Financial Mathematics BSc (Hons) – 2019 entry
Why choose this course
Providing the ideal preparation for a career in finance, our BSc Financial Mathematics course offers a broad range of modules across mathematics, statistics, economics and finance.
Informed by the Department of Mathematics’ internationall -leading research and our close partnerships with industry, you will be taught in a lively and supportive environment where teaching and research are well integrated.
What you will study
On our unique BSc Financial Mathematics course you will study topics such as analysis of shares, equities, cash flows and interest rates, along with an introduction to the principles of microeconomics and macroeconomics.
The course is approximately one-third core statistics, one-third mathematics and one-third economics and finance. In your final year, you will get the opportunity to tailor your course to your specific interests.
Along with technical and analytical skills, you will also develop important general skills such as the ability to think independently, communicate effectively, meet deadlines and work well in teams.
You may opt to take a Professional Training placement year, which will give you invaluable experience in a relevant organisation and a real head start when you enter the job market.
|Qualification||Course length||Professional Training||UCAS||KIS code|
|BSc (Hons)||36 months||N300||View KIS data set|
|BSc (Hons)||48 months||N301||View KIS data set|
Professional Training placements
As part of this course you'll have the option to complete a Professional Training placement. These will give you the opportunity to develop your professional, academic and personal potential, equipping you to be adaptable, resilient, globally minded, confident, entrepreneurial and digitally savvy in the workplace. These qualities are widely recognised by employers and a significant proportion of placement students at Surrey are offered graduate-level jobs or go onto postgraduate study.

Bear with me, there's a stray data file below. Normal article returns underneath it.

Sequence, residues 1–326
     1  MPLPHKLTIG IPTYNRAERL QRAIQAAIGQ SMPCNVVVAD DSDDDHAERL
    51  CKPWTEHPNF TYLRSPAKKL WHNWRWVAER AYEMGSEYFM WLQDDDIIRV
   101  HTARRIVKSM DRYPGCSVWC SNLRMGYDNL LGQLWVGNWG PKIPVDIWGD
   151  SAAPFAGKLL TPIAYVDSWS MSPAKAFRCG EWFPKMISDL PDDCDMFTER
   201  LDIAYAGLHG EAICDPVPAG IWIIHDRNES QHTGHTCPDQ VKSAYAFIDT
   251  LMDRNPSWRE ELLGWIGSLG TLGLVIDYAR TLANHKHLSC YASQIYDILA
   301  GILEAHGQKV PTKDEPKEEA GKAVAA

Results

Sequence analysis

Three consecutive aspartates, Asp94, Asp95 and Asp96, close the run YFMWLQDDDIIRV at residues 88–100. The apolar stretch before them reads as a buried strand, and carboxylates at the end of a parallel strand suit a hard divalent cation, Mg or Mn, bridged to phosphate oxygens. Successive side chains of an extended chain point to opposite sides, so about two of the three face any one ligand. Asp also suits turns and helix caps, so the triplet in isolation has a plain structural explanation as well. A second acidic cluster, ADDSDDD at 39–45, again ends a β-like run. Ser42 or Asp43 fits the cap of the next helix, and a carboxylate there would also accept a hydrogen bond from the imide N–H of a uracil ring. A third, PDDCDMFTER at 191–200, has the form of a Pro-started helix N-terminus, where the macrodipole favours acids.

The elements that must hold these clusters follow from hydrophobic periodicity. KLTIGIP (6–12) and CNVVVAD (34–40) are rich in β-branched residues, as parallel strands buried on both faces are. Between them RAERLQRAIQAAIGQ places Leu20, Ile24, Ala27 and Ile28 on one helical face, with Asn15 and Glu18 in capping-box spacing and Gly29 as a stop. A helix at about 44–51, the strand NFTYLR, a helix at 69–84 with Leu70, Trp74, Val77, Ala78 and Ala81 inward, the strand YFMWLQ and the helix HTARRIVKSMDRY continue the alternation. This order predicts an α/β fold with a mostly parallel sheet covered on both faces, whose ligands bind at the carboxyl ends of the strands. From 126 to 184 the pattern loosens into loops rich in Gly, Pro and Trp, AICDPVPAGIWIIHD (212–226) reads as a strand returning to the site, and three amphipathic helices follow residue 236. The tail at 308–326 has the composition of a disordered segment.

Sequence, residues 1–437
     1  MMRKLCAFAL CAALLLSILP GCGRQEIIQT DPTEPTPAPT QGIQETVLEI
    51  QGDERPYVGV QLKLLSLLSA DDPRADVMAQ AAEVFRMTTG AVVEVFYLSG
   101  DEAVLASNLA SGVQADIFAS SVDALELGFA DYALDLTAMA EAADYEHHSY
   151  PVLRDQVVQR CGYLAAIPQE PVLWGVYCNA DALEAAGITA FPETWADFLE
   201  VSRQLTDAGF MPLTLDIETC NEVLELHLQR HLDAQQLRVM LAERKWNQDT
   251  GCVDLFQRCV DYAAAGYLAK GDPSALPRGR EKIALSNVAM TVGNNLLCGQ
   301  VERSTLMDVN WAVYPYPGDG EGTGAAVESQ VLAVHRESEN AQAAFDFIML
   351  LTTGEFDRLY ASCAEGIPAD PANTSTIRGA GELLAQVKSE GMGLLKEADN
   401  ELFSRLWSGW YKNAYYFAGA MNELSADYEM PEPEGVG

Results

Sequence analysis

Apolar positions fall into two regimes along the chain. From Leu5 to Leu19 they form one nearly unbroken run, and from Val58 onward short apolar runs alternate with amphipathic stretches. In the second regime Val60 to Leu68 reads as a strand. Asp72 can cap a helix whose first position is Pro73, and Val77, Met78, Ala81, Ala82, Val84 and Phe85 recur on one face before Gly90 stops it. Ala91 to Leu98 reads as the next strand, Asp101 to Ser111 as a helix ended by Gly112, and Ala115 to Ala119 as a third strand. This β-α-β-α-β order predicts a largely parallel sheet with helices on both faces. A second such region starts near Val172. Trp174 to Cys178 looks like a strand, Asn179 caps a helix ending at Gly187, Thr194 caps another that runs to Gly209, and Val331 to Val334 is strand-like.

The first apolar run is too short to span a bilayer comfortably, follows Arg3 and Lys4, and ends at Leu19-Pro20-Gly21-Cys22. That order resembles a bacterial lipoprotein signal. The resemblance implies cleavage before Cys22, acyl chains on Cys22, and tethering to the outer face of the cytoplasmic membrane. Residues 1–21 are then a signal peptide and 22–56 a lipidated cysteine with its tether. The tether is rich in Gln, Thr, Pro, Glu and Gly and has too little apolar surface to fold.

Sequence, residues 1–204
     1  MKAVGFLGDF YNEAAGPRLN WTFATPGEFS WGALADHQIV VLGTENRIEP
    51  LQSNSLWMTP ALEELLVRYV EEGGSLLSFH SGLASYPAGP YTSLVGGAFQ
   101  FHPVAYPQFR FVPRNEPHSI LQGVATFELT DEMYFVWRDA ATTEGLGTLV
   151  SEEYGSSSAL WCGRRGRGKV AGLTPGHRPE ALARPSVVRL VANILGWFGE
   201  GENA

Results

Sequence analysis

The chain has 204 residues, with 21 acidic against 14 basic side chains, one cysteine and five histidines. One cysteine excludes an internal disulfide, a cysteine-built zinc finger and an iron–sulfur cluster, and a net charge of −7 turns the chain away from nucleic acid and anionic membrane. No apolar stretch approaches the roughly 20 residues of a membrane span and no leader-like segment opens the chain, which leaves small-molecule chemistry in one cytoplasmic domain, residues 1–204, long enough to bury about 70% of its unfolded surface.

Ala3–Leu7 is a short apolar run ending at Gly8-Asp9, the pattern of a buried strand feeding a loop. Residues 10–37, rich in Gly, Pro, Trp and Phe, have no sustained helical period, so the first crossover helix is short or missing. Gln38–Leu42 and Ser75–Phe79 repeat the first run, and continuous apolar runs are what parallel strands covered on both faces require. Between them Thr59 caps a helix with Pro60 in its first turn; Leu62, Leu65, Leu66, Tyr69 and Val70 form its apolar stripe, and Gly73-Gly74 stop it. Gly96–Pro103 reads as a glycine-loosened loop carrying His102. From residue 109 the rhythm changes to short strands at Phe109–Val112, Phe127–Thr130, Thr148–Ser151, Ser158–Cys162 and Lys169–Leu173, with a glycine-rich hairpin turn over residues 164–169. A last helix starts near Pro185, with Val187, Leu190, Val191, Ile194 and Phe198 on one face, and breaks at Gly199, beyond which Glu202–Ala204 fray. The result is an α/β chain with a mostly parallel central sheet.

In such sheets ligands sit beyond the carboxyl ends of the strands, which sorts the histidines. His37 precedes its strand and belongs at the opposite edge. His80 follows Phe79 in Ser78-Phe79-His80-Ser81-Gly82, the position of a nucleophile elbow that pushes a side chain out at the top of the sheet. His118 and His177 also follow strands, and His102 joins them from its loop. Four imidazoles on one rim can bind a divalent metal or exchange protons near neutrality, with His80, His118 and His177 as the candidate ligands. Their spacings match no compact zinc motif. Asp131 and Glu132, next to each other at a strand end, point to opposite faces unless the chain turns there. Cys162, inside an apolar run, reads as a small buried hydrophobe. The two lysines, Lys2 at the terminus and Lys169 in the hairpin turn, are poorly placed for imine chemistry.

Find out more about Professional Training placements and discover how these have transformed our students’ lives and career choices.
Financial Mathematics placements
Mathematicians are in demand in many areas of business and industry, and this breadth is reflected in the Professional Training placements that students can undertake as part of their course.
You might choose to gain experience in financial services including banking, insurance, computer programming or logistics. You might even be involved in an internet start-up.
On placement, you will be visited periodically by an academic member of staff who will track your progress and help ensure that you have a successful experience.
Transfer between programmes which do or do not include a Professional Training placement is possible during the course of your degree, so a decision made when you apply can be changed later.
Professional Training placements are sandwiched between Years 2 and 3.
Placements provide you with an opportunity to enhance your academic studies, with practical experience augmenting your knowledge and skills.
We have excellent links with an extensive portfolio of companies and organisations, including:
- Lloyds Banking Group (Credit Risk)
- Iris Concise
- Oracle Corporation UK Ltd
- Morgan Stanley
- Mazars LLP
- Legal & General
Applying for placements
Professional Training placements are usually applied for and secured via an open and free-to-all process, within which students can select and apply for numerous opportunities. Placement providers use their own recruitment and selection procedures and the majority of students will secure their placement in this way. However, support is also provided to students wishing to source their own placement, subject to university requirements being met.
Students are generally not placed by the University, however they are given thorough support and guidance alongside access to a vacancy portal representing thousands of placement opportunities each year. Please be aware there may be travel costs incurred when attending interviews and assessment centres at the placement provider’s premises.
BSc (Hons) - Institute of Mathematics and its Applications (IMA)